How calmly she behaved that day,
Bought a knife, still had a price tag on it,
Asked when the next Boston Ohio train passed through,
Found a spot, a blind curve.
I was told she lay down and waited
The death-record says she lay
In front of the train
5:38 on an April afternoon.
During cherry blossom season,
On a day pass from a mental hospital,
Some boys saw her,
Tried to help her,
She threatened them with her knife.
Died of multiple injuries sustained,
By being dragged by the train,
And ‘from depression’ reads the death certificate.
She was almost 19.
The conductor came the next morning.
He tried to stop the train.
He quit his job.
When the police came to inform us,
A Monday night, dinnertime,
I’d been waiting all my conscious life for this moment
Because I always believed her.
Two officers talked to my father on the lawn alone.
Then he howled, like a wounded animal
On the front lawn.
Inconsolable sounds from beneath the deepest recess of the soul,
Beyond any human sound I’ve heard since, way beyond the sound barrier,
Beyond language or tears tearing into shreds, piercing the air.
Every suicide kills more than one person, they say.
My mother said to the police:
‘Tell the children it was an accident’
Who was she trying to protect?
That was my moment of clarity that defined my life,
My break from my family, I was 11.
The tyranny of revisionism even at the moment of greatest anguish.
Rewrite history immediately before it can be written.
Nan Goldin, 2004.
Sisters, Saints and Sibyls is a tribute to my sister and to all rebellious women struggling to survive in society. My intention was to explore, through three narratives, the experience of being trapped, both literally and figuratively: the story of St. Barbara, beheaded by her father for having found liberation through her discovery of spirituality.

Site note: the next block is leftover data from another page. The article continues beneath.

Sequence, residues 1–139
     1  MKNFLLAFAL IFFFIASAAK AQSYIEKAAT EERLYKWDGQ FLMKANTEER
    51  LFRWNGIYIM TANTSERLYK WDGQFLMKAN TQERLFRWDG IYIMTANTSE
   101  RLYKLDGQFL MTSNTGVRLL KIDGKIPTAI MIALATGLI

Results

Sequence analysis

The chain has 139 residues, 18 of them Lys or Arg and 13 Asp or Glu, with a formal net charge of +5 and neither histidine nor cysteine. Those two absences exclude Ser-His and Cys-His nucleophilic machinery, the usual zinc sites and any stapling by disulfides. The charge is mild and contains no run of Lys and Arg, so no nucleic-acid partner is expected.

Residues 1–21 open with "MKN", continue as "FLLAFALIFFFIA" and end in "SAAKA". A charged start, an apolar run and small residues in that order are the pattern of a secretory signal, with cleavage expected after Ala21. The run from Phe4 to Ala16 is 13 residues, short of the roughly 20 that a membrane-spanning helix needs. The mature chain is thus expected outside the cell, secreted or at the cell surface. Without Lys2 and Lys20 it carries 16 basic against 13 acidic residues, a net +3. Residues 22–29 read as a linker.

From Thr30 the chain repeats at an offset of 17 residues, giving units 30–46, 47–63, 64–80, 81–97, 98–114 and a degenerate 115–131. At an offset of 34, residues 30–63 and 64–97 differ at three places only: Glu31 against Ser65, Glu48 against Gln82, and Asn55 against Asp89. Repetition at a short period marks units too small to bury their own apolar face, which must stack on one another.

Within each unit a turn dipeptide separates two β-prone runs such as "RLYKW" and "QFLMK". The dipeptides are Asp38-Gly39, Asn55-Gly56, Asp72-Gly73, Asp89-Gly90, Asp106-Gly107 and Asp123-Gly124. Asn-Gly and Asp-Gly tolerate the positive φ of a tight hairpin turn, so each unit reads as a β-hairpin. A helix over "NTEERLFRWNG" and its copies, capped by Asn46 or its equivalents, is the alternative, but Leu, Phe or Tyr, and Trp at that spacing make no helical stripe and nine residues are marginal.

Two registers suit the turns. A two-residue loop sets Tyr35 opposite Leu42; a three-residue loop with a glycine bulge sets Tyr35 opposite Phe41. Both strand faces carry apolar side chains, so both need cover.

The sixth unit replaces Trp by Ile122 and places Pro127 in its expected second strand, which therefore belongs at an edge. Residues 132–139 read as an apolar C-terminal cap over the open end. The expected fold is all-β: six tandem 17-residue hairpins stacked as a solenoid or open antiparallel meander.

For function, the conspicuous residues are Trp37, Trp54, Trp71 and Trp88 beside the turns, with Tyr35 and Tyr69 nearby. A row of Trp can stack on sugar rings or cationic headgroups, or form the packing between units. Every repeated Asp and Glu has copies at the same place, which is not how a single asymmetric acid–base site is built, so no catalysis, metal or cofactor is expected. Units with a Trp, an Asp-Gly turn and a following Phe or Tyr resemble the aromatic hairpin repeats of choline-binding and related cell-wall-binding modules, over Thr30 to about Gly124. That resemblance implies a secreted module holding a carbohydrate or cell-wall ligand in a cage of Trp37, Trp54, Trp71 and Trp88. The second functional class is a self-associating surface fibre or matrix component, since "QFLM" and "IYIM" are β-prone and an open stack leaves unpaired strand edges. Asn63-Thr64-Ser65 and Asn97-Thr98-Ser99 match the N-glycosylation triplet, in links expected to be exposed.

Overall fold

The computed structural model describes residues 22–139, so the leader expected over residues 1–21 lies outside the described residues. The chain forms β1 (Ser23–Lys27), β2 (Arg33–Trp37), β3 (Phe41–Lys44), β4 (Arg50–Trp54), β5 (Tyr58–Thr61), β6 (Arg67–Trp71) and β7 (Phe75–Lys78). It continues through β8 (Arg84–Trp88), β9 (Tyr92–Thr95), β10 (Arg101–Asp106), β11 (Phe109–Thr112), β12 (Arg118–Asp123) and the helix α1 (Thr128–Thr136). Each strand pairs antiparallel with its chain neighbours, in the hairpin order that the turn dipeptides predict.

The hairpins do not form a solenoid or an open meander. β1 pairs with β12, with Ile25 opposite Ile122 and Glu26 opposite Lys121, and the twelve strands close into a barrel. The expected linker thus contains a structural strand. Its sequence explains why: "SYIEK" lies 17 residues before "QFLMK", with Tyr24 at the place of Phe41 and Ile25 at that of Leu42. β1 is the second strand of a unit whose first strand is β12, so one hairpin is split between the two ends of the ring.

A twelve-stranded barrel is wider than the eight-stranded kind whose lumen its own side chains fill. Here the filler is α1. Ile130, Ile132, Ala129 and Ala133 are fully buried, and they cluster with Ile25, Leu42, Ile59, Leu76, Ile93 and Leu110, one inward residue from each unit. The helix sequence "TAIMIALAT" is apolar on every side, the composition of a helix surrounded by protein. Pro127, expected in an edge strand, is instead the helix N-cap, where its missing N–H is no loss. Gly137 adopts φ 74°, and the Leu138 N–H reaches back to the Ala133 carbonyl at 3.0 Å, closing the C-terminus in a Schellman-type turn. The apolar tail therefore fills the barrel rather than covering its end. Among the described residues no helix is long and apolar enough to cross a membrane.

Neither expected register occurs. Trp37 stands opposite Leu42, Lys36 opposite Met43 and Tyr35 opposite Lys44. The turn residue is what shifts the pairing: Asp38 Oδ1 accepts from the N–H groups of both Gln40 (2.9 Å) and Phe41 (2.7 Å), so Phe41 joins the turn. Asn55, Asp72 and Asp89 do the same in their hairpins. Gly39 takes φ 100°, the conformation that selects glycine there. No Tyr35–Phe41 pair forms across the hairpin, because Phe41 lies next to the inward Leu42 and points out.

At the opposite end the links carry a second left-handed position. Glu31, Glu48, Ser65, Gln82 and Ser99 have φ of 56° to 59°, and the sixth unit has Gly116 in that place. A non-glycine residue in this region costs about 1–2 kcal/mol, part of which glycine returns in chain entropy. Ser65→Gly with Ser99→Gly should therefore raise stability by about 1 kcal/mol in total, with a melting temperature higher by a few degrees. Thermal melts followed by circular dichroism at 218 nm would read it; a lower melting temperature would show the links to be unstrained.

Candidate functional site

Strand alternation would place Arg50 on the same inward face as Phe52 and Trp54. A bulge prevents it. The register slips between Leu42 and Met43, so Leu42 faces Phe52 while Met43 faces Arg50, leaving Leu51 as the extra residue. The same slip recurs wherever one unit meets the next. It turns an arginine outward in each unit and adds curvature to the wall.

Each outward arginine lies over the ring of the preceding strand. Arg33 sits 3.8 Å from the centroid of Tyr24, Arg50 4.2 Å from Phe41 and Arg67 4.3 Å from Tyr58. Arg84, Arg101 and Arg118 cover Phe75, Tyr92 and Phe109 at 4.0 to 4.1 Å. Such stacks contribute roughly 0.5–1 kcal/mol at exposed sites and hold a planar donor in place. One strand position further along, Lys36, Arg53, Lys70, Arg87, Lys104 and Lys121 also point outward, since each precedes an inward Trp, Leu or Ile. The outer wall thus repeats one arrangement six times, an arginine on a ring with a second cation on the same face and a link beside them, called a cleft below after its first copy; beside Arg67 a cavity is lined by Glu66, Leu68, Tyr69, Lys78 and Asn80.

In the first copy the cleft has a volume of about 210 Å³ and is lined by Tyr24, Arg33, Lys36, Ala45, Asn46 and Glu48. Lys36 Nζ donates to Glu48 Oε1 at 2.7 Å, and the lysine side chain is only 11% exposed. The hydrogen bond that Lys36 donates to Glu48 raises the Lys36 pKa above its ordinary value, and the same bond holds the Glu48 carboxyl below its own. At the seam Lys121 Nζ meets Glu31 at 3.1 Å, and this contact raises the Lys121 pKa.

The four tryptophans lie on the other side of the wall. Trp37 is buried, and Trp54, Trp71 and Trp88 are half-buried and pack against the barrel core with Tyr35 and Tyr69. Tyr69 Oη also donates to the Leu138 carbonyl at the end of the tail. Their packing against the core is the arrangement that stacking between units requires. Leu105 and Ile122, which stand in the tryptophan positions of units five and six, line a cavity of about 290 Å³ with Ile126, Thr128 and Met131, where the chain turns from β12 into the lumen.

The story of my older sister Barbara who was locked up in various psychiatric institutions during most of her adolescence for having rebelled against the extreme conformity of her times, society and family.
The story of my own time spent in a psychiatric hospital, firstly to escape from the trap of drug addiction and later to be treated for depression and self-harm.
The installation will allow the audience to view the three-screen projection at eye level. The audience climbs onto a small balcony four metres high, like a doctor examining a patient from a cautious distance. At the same time as they are involved as observers, they also experience directly the sensation of being trapped. The themes of the psychiatric attitude towards women, the treatment of rebellious women and fatherdaughter relationships are seen in the intense light of personal memory and experience.
Scenography: Raymonde Couvreu
Direction and editing of the triptych by Nan Goldin and Raymonde Couvreu
Video process and post-production by Erwan Huon.
Sound by Alain Mahé.
Commissioned by the Ministry of Culture and Communication (DAP-CNAP) and the Festival d’Automne, 2004, with the support of Sylvie Winckler, Guy de Wouters, the Matthew Marks Gallery, New York and Michael Zilhaha, Madame la Baronne Lambert, Maja Hoffmann and Niccolo Sprovieri, Jean-Claude Meyer.